Magazine Article | May 1, 2016

CROs Will Play A Critical Role In The Future Of Drug Development

Source: Life Science Leader

By Ed Miseta, Chief Editor, Clinical Leader
Follow Me On Twitter @EdClinical

There are a couple of differences you will see in this 2016 installment of our annual CRO Supplement. The first, which you may have already noticed, is the cover. In the past, these covers have featured an image that seemed to best illustrate a concept we addressed in the issue. That was very different from the typical cover you see on Life Science Leader, which always features a prominent executive from the pharma and biotech industries. Beginning with this CRO supplement, we will feature a clinical executive whom you will likely know and recognize.

I was thrilled when Dr. Corsee Sanders agreed to be the first executive to grace the cover of this issue. I first spoke with her last fall while preparing an article for our December Industry Outlook. Her comments and insights into the future of clinical trials were refreshing and insightful. Part of that had to do with her background, which is in math and statistics, rather than pharmaceutical development. This gives her a different perspective on how we should be gathering, analyzing, and using the data gathered from trials.

In this article, Sanders discusses a challenge she faced when stepping into the role of global head of clinical operations at Roche. As a statistician, she was uncomfortable with decisions based on information that employees knew from experience but couldn’t back up with hard data. In addition, it seemed the same data sets could exist in different systems, and yet yield different results. One of her current projects attempts to bring those systems together under one umbrella, with a single dashboard providing executives with the answers they need. What does she see as the benefits of such an endeavor? You can read about it beginning on page 6.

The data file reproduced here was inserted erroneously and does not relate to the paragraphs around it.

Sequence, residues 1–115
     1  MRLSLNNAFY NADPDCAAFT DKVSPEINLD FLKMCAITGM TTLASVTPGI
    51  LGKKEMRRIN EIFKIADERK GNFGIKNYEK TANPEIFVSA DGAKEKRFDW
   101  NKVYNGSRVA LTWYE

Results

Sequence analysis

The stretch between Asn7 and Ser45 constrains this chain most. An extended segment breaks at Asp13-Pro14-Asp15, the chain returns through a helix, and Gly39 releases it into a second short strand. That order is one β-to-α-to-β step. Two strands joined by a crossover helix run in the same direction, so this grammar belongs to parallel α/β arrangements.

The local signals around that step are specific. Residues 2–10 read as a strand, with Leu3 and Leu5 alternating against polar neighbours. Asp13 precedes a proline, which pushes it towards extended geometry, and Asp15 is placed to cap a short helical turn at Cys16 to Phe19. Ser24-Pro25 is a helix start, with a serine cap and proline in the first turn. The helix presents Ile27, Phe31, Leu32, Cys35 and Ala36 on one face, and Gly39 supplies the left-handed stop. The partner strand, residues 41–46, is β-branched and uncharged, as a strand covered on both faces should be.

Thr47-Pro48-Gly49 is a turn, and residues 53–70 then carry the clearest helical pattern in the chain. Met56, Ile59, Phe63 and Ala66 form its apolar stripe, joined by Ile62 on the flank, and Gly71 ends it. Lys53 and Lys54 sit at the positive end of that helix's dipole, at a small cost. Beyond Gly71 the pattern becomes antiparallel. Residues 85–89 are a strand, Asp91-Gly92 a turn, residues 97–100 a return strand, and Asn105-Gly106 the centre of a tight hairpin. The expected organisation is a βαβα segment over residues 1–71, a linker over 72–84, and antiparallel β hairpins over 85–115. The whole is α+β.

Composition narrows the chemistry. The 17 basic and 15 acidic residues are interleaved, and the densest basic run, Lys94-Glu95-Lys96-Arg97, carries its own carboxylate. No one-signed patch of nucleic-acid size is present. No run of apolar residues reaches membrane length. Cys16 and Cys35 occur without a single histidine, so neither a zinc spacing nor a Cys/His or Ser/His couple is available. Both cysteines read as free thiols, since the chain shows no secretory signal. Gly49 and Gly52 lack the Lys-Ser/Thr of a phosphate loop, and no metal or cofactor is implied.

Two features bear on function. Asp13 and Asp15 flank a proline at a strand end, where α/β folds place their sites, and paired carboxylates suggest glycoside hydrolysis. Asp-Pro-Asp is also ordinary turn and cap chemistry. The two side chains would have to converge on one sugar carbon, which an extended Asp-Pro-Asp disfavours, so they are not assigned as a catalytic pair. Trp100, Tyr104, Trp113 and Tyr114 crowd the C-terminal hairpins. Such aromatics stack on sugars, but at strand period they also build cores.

If you’re a regular reader of Life Science Leader, then you also know our editorial focus is on executives at bio and pharma companies rather than technology or service providers. But an article in this issue examining the CRO of the future features an executive from Merck, as well as leaders from three contract research firms. When I heard these gentlemen speak at the Disruptive Innovations conference last fall, I knew the discussion belonged in this issue. Some of the topics covered in the article include the growth of CROs, standardization, and the challenges faced by CROs and what they will need to do to continue to be a vendor of choice for sponsors.

With the way clinical trials are changing, it should come as no surprise that sponsors expect their CROs to adapt to those changes. It wasn’t too long ago that many pharma companies were not dealing with patient-centricity issue, risk-based monitoring, adaptive trials, electronic files and records, and wearable technologies. While many of these changes have the potential to fundamentally transform clinical trials, they also have the potential to disrupt operations within companies.

In the past, a CRO might be expected to perform a task requested by a client. Today, those same clients are expecting the CRO to come to them with innovative ideas and new methods of incorporating novel technologies. Rob DiCicco, VP of clinical innovation and digital platforms at GSK, recently summed up this expectation for me. “I am always interested in what the CRO is able to bring to the table in terms of know-how,” he says. “We are always looking for ideas that can disrupt the company. We celebrate the fact that there are companies that know things we don’t. When a CRO can bring innovative knowledge and expertise to the relationship, it helps both of us to get to a better place, and we welcome their ideas that will help us come up with the best possible plan.”

I hope the insights in this issue will help you come up with better clinical plans, as well.